1Regional Knowledge Hub, and WHO Collaborating Centre for HIV Surveillance, Institute for Futures Studies in Health, Kerman University of Medical Sciences, Kerman, Iran
2School of Population and Public Health, Faculty of Medicine, University of British Columbia, Vancouver, BC, Canada
3Center for Disease Control (CDC), Ministry of Health and Medical Education, Tehran, Iran
4Department of Biostatistics and Epidemiology, Faculty of Public Health, Kerman University of Medical Sciences, Kerman, Iran
5Research Center for Modeling in Health, Institute for Futures Studies in Health, Kerman University of Medical Sciences, Kerman, Iran
6Guilan Road Trauma Research Center, Guilan University of Medical Science, Guilan, Iran
7Global Health Sciences Department, University of California, San Francisco, CA, USA
Background Understanding the prevalence of symptoms associated with sexually transmitted infections (STIs) and how care is sought for those symptoms are important components of STIs control and prevention. People’s preference between public and private service providers is another important part of developing a well-functioning STIs surveillance system.
Methods This cross-sectional survey was carried out in spring 2011, using a nonrandom quota sample of 1190 participants (52% female) in 4 densely-populated cities of Tehran, Kerman, Shiraz, and Babol. Two predictive logistic regression models were constructed to assess the association between the socio-demographic determinants (independent variables) and the dependent variables of history of STIs-associated symptom and seeking care.
Results Around 57% (677 out of 1190; men: 29.70% and women: 81.80%) had experienced at least one STIsassociated symptom during the previous year. History of experiencing STIs-associated symptoms among men, was negatively significantly associated with older age (adjusted odds ratio [AOR] = 0.34, CI 95%: 0.17-0.67). Women who were married, in older ages, and had higher educations were more likely to report a recent (past year) STIs symptom, however all were statistically insignificant in both bivariate and multivariable models. Among those who have had STIs-associated symptoms in the last year, 31.15% did nothing to improve their symptoms, 8.03% attempted self-treatment by over-the-counter (OTC) medications or traditional remedies, and 60.93% sought care in health facilities. In both bivariate and multivariable analyses, care seeking among men was insignificantly associated with any of the collected demographic variables. Care seeking among women was positively significantly associated with being married (AOR = 2.48, 95% CI: 1.60-3.84).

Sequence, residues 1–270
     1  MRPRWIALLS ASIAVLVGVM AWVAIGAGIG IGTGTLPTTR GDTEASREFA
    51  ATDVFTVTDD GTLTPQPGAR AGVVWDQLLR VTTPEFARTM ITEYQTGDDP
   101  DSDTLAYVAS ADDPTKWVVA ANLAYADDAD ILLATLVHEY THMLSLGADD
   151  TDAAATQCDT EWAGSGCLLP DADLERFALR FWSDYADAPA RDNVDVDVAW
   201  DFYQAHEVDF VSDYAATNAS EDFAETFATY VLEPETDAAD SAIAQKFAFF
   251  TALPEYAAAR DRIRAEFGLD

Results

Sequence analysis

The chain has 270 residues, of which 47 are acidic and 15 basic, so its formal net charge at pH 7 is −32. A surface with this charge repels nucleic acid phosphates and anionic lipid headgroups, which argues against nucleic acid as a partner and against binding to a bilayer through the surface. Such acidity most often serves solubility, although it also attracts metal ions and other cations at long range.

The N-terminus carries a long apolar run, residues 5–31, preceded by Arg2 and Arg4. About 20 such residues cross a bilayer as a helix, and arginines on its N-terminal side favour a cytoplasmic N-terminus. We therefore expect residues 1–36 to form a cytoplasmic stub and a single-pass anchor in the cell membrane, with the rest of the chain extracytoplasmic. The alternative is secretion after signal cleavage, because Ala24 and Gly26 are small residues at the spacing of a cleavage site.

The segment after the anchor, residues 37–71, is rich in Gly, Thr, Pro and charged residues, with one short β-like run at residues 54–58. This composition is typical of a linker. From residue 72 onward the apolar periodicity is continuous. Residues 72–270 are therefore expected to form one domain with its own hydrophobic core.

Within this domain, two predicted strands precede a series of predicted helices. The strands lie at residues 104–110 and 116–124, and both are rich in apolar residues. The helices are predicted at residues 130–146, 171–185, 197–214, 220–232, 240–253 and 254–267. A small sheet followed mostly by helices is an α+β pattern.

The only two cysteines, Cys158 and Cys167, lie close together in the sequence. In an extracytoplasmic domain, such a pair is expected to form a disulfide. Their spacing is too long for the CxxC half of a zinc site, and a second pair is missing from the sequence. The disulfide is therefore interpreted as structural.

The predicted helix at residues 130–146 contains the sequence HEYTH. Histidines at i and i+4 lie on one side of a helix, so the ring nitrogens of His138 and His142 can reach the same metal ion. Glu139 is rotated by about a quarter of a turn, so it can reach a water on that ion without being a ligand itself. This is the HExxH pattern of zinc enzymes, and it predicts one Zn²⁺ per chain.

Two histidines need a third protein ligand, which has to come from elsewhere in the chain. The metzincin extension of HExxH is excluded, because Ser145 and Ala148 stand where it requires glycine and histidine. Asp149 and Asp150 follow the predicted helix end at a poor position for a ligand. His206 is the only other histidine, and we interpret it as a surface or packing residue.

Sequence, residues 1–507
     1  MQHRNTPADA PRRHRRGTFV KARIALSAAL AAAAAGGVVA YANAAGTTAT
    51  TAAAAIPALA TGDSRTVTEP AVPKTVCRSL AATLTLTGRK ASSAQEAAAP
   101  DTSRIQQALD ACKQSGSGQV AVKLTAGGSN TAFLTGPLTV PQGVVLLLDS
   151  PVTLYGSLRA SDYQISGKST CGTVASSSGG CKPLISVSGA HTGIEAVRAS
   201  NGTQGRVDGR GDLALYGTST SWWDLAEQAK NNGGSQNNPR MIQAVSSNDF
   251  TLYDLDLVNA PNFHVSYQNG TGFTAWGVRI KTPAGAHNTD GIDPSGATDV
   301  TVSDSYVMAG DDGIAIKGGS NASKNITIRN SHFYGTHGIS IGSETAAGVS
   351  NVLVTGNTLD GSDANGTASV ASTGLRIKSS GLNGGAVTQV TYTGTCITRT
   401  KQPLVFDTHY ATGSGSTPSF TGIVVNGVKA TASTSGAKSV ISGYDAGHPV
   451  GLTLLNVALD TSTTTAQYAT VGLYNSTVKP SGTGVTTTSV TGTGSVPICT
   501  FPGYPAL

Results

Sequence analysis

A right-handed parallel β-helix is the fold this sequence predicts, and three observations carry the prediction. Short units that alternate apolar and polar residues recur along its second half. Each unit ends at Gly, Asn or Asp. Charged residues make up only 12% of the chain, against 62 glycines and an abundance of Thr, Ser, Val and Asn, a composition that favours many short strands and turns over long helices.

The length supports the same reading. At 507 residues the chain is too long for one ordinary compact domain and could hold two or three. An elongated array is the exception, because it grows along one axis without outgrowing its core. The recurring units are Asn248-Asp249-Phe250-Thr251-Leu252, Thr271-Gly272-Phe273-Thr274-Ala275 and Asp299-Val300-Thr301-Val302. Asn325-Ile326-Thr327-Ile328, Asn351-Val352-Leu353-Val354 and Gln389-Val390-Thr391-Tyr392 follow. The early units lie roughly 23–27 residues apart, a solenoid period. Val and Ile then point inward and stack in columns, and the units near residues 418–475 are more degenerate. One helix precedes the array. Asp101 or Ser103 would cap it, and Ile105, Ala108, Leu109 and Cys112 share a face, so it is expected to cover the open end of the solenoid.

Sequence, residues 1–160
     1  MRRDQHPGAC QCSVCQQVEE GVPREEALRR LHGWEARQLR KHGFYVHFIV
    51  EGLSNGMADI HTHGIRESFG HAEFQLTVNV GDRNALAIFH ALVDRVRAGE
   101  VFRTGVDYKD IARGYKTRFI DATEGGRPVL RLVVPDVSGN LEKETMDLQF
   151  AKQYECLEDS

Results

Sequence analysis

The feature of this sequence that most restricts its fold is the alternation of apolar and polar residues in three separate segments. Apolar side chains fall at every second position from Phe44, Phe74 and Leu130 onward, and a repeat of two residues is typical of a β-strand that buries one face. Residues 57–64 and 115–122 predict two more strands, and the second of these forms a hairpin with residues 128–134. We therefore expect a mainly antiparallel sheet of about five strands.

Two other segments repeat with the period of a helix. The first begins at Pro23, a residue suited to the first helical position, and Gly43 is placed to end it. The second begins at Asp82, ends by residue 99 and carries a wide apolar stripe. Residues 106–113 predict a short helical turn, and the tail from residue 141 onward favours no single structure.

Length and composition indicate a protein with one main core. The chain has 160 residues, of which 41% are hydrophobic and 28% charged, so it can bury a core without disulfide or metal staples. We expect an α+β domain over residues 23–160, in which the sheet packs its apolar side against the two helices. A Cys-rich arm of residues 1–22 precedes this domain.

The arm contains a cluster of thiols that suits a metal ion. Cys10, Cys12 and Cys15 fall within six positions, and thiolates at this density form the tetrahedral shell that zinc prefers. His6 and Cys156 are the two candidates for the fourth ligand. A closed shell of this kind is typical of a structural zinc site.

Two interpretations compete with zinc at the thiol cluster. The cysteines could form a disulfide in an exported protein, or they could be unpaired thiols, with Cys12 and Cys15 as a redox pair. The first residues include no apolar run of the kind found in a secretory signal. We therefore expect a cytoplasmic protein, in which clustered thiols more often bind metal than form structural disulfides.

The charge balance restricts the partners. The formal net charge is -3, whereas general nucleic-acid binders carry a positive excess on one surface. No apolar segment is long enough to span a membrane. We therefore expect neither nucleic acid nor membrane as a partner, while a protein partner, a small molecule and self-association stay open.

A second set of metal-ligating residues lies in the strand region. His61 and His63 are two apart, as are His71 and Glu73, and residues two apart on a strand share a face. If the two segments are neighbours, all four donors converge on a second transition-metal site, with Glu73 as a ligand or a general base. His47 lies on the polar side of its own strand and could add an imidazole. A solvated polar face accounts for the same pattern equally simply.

Conclusion The reported prevalence of STIs-associated symptoms among our participants is concerning. A considerable number of participants had delayed seeking care and treatment or self-medicated. People should be informed about their sexual health and the consequences of delaying or avoiding seeking care for STIs. Participants preferred seeking care at private sectors which calls for engaging both public and private health sectors for reporting and following up STIs cases.
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